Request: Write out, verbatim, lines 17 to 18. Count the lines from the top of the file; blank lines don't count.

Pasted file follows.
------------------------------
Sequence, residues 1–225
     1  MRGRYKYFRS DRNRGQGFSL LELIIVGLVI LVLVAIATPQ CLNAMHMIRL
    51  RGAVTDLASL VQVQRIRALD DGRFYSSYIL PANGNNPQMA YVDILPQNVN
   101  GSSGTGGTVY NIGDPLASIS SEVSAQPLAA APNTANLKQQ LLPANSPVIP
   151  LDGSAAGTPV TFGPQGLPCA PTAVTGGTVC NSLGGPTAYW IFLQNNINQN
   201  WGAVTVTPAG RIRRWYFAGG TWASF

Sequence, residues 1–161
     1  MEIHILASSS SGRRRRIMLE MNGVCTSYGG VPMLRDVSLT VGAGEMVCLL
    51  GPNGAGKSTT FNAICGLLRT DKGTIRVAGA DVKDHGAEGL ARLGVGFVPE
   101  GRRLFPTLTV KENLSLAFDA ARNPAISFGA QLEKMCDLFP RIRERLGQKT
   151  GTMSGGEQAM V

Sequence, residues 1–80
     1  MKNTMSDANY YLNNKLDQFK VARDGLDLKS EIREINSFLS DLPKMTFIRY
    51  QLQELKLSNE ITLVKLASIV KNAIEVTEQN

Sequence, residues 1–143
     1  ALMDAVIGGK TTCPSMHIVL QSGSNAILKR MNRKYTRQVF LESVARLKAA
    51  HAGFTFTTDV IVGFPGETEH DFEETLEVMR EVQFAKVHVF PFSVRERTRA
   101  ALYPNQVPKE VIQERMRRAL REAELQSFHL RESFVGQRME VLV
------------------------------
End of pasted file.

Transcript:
    51  HAGFTFTTDV IVGFPGETEH DFEETLEVMR EVQFAKVHVF PFSVRERTRA
   101  ALYPNQVPKE VIQERMRRAL REAELQSFHL RESFVGQRME VLV